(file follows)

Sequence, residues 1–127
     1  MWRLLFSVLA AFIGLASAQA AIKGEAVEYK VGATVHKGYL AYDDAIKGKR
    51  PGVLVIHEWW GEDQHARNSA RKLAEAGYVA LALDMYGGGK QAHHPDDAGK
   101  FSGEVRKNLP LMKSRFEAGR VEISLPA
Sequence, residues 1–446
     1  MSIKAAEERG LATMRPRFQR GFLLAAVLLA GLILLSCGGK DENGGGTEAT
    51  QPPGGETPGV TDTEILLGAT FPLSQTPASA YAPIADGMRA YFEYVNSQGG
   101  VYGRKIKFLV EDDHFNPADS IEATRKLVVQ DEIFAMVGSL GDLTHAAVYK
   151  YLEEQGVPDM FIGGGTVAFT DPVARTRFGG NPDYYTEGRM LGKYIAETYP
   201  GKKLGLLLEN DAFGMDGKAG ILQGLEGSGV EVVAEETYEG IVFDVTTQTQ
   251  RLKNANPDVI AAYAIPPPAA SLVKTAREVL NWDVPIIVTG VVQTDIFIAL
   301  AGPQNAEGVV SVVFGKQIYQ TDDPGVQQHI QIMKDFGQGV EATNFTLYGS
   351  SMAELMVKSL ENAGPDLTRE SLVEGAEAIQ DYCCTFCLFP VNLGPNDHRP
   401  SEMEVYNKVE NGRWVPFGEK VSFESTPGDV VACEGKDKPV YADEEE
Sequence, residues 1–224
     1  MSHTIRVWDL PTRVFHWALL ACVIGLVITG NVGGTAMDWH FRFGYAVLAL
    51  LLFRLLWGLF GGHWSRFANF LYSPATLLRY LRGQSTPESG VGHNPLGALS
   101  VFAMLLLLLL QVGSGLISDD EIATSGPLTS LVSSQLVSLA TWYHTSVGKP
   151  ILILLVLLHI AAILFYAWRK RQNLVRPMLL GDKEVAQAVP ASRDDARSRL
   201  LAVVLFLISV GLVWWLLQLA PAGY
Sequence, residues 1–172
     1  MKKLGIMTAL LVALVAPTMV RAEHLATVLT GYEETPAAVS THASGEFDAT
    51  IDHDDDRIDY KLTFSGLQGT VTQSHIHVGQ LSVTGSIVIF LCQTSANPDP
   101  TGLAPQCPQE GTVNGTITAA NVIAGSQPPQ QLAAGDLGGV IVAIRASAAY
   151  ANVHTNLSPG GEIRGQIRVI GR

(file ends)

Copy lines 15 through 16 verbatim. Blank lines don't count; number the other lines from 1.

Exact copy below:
Sequence, residues 1–224
     1  MSHTIRVWDL PTRVFHWALL ACVIGLVITG NVGGTAMDWH FRFGYAVLAL